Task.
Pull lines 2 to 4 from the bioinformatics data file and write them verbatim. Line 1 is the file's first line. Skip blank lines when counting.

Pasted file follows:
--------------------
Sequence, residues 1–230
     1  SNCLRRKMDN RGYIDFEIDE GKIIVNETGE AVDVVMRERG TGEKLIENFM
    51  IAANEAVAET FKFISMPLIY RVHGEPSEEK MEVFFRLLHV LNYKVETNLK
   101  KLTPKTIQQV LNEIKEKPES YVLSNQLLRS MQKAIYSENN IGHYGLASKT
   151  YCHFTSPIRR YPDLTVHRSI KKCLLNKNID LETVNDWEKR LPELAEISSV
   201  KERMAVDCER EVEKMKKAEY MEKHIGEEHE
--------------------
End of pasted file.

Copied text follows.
     1  SNCLRRKMDN RGYIDFEIDE GKIIVNETGE AVDVVMRERG TGEKLIENFM
    51  IAANEAVAET FKFISMPLIY RVHGEPSEEK MEVFFRLLHV LNYKVETNLK
   101  KLTPKTIQQV LNEIKEKPES YVLSNQLLRS MQKAIYSENN IGHYGLASKT